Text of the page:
Given that, on Friday she displayed a clear-eyed and un-idealistic understanding of the crisis. She smartly refrained from overpromising and pledging to “eradicate” homelessness, as some have done, while still managing to offer enough solutions and to spark the belief that change is possible. A key element was saying she would appoint a deputy to marshal the resources of various city departments, and to grant that figure actual power.

Bass, as she has done since announcing her candidacy in September, cast the moment in earthquake terms. She is fond of saying that leaders are not responding as they would if a magnitude 8-point-gazillion temblor hit Los Angeles.

“This is a disaster. This is the big one,” she stated Friday. “We need a FEMA-style response.”

She’s right, but it’s worth noting that isn’t original thinking. Another mayoral candidate, City Atty. Mike Feuer, hit the theme back in 2017. At a session with reporters that fall, he specifically called for a homelessness czar, in his words, “someone tantamount to a FEMA director who is terrific at logistics and execution, who is in charge—and everyone knows it.”

Bass doesn’t need to be dinged because someone else said it first. What matters is understanding the situation and having the acumen and leadership skills to effect change. That’s what she is working toward, and on Friday she touched on key points, such as clawing through bureaucracy—“City Hall red tape should never be the obstacle,” she said—and kick-starting all manner of residential construction—“I will be relentlessness about building permanent and temporary housing.” She touched on the science of keeping people from falling into homelessness in the first place. “We must prevent people from losing their housing,” she remarked.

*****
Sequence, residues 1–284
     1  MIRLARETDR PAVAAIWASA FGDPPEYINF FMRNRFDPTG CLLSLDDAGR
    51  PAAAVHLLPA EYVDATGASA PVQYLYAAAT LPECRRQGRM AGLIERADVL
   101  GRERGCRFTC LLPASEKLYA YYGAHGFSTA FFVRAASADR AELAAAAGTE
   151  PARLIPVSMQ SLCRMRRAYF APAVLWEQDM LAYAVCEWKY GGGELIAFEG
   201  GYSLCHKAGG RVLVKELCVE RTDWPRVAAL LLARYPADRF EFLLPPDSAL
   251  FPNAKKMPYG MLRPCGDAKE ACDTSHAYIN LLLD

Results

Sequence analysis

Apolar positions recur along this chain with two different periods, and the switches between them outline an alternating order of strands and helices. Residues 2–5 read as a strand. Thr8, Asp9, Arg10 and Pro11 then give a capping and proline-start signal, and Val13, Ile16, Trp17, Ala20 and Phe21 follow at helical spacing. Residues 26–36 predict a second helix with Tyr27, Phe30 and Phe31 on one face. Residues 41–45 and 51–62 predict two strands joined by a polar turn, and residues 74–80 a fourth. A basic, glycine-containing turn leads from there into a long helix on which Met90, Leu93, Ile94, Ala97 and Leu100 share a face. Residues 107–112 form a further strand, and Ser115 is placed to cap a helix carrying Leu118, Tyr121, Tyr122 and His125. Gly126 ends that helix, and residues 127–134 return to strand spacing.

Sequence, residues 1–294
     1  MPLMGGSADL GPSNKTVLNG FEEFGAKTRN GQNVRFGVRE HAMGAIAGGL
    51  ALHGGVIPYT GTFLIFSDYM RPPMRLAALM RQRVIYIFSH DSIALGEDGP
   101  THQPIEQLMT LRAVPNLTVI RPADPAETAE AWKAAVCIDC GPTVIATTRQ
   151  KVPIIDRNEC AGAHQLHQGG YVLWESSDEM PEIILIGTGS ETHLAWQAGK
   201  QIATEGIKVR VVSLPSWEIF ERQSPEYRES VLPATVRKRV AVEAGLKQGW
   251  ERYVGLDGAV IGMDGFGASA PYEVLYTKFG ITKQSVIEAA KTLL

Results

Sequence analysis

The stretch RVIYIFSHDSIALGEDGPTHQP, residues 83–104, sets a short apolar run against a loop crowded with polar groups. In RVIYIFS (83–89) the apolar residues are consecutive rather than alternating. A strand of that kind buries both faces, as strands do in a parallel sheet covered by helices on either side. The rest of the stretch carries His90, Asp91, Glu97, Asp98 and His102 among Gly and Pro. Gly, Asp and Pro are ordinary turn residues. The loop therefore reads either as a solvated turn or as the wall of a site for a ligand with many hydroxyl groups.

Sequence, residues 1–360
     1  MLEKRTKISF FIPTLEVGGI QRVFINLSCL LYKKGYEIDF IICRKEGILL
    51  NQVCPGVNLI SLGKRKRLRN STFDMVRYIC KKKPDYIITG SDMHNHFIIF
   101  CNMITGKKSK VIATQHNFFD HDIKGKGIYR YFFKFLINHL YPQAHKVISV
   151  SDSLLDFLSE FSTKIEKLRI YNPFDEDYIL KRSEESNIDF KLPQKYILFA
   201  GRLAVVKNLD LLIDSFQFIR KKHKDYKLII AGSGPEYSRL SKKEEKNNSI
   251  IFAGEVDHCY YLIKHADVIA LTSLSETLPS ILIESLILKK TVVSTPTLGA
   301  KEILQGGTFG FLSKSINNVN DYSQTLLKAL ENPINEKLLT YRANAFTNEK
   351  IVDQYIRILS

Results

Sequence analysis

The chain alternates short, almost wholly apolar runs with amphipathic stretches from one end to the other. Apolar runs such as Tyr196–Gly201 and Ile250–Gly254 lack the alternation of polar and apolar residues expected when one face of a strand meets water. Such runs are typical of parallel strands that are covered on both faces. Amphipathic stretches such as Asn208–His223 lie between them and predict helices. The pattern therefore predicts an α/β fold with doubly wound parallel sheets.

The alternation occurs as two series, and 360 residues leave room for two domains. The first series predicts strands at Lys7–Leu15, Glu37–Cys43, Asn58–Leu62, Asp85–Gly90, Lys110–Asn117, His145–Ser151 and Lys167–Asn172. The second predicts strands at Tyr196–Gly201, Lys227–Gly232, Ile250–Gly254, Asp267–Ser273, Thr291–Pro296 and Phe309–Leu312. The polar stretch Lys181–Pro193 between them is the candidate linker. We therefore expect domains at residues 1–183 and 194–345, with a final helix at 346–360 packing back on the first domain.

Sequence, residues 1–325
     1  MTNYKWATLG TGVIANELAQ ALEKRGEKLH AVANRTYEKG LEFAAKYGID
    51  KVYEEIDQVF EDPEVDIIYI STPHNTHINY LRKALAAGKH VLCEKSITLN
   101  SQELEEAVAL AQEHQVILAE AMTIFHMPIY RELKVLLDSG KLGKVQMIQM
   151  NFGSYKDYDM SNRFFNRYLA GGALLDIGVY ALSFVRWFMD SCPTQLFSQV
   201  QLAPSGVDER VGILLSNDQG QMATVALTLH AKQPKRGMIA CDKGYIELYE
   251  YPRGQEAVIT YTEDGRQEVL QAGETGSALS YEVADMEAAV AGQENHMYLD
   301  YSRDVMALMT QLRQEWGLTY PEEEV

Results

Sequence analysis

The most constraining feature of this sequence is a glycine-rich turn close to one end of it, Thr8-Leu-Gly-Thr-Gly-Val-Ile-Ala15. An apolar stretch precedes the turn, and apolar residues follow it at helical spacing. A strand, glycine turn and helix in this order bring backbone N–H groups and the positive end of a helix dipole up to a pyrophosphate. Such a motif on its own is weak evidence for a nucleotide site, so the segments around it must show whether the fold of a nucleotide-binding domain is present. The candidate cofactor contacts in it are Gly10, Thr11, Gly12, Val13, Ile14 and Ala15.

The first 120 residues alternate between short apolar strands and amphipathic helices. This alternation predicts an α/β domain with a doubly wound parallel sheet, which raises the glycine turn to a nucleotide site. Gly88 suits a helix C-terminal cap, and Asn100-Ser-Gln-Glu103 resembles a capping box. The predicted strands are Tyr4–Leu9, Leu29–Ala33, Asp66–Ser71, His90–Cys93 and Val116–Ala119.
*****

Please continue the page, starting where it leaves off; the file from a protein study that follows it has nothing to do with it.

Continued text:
Then there was the engagement arm, a recognition that some people experiencing homelessness, perhaps due to addiction or mental health issues, will reject the first, second, third and more offers of help. While this roils residents living near encampments, the solution is a long game that requires building trust, and putting together outreach teams that include social workers and people with firsthand experience of living on the streets.

“I will employ an army to do it,” declared Bass.

She detailed other components that play to her strengths. The briefing took place in the St. Vincent Medical Center, a defunct hospital in the Westlake neighborhood, and Bass described how she has begun lobbying Gov. Gavin Newsom for help in turning it into a service center with 344 beds for homeless individuals.

The headline grabber from Friday was Bass’ pledge to house 15,000 people by the end of her first year in office, a proposal at once audacious, but also sneakily achievable and asterisk-inducing. The next mayor will benefit from efforts already in play, including emergency homelessness funds flowing from Sacramento and Washington. Bass might be better primed than other candidates to squeeze out even more money, given her ties to the Newsom and Biden administrations.

But beware the 15,000 pledge: Housing that many people is a game-changer only if they stay housed, and if even more people don’t wind up on the streets. The number means little if, by the end of the year, the population of people experiencing homelessness has grown.

That’s also no secret, and Bass understands that even if headlines win the day, it is only comprehensive, difficult and long-running strategies that will alter the status quo.

“The people of Los Angeles are frustrated, and so am I,” she said at one point. Later she stated, “I do not accept our homelessness catastrophe, and I never will.”

The primary election is June 7.